- Paul Kagame won a third presidential term with 98 percent of the vote in August 2017 (see Introduction).
- The lead-up to presidential elections in August 2017 saw a proliferation of progovernment commentators attacking opposition candidates and critics online (see Media, Diversity, and Content Manipulation).
- In March 2018, blogger Joseph Nkusi was sentenced to ten years in prison for incitement to civil disobedience and the spread of rumors (see Prosecutions and Arrests for Online Activities).
- Private WhatsApp messages were used as evidence to prosecute opposition presidential candidate Diane Rwigara for alleged incitement against the government (see Prosecutions and Arrests for Online Activities).
As Rwandans geared up for the September 2018 parliamentary elections, internet freedom declined due to numerous legal restrictions placed on online speech, the growing prevalence of government trolls manipulating online content, and harassment and attacks against online journalists and human rights defenders.
While Rwanda has made remarkable progress in its economic and ICT development, the government continued to restrict freedom of speech and political activity under the pretext of maintaining stability in the aftermath of the 1994 genocide that claimed over 1,000,000 lives. President Paul Kagame’s repressive government has crippled independent civil society and journalism, both in traditional media and online. Pro-government views dominate domestic media, while the authorities work quickly to censor critical viewpoints, resulting in an information environment that projects a single narrative of unity, peace, and progress. Unlawful secretive detentions, torture, and even extralegal killings of citizens for their critical viewpoints often go unreported.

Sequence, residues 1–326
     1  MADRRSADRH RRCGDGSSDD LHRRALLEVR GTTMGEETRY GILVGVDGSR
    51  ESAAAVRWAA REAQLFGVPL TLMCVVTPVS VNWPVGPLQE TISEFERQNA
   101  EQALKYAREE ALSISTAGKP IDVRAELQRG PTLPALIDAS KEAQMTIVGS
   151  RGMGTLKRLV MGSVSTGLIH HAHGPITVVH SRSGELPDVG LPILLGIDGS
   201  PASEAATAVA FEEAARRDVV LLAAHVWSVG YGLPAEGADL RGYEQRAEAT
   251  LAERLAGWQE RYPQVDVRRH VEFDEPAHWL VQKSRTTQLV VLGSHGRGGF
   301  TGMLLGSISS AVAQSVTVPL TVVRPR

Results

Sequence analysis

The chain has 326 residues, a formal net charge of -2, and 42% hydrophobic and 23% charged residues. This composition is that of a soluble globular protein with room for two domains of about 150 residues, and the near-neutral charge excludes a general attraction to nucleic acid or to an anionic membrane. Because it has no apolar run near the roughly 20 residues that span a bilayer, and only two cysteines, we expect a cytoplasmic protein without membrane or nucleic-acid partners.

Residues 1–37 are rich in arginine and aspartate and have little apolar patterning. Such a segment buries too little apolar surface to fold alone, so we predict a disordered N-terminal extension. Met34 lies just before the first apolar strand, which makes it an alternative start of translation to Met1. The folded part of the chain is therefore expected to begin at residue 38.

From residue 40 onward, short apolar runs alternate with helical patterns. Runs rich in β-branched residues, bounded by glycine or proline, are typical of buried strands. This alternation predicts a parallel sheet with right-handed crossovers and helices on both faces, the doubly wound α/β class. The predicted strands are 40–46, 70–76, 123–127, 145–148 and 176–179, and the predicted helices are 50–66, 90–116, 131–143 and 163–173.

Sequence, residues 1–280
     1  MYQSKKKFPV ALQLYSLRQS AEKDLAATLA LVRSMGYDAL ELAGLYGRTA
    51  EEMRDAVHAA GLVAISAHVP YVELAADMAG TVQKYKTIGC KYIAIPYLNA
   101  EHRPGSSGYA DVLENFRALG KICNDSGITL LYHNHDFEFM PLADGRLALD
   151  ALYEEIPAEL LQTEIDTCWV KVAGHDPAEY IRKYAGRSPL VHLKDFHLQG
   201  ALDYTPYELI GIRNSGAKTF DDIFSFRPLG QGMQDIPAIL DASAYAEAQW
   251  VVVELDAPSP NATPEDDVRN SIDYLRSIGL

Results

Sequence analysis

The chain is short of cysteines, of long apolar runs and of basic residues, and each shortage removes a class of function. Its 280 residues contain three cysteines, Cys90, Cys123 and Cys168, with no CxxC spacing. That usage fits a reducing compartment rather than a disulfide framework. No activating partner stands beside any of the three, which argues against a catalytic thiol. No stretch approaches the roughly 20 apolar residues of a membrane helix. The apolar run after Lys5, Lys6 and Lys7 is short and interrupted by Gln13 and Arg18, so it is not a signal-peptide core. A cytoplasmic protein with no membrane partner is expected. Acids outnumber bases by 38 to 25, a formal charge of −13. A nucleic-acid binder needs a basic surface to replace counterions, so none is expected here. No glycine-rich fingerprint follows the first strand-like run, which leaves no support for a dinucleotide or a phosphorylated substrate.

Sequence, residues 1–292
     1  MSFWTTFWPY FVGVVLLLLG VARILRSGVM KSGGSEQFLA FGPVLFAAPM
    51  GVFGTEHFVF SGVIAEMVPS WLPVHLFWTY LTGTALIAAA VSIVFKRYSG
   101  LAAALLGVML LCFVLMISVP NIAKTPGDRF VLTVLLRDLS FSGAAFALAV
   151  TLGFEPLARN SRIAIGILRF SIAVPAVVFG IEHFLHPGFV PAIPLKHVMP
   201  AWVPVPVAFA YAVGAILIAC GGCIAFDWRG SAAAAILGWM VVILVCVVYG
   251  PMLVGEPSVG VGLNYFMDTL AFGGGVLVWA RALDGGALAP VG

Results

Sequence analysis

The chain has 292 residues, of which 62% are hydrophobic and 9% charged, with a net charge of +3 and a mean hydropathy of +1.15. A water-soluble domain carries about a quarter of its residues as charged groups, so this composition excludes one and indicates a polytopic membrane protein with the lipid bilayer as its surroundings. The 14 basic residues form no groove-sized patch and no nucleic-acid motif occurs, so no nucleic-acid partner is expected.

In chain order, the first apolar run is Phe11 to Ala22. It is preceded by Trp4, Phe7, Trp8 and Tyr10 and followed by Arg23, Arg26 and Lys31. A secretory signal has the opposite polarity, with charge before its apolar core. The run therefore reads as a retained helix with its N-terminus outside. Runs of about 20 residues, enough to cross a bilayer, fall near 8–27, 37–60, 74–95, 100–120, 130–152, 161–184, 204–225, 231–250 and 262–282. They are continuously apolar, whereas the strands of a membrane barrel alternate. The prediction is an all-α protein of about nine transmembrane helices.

Paul Kagame won a third presidential term with 98 percent of the vote in August 2017. During the campaign period, authorities cracked down heavily on opposition figures and arrested the only presidential candidate who attempted to run against Kagame, Diane Rwigara, along with her mother and sister. Online content manipulation became more prevalent with the proliferation of government trolls that attacked opposition candidates and critics on social media.
In March 2018, a court sentenced blogger Joseph Nkusi to ten years in prison for incitement to civil disobedience and the spread of rumors. In 2016, Nkusi, who had lived in Norway since 2009, was deported following the rejection of his asylum application. Upon his return to Rwanda, he was immediately arrested and questioned about his political activities and blog postings, which were known for their sharp criticism of the Rwandan government. The president signed revisions to the penal code into law in August 2018 that increases penalties for criminal defamation, with prison sentences of five to seven years for defamation against the president, among other new penalties.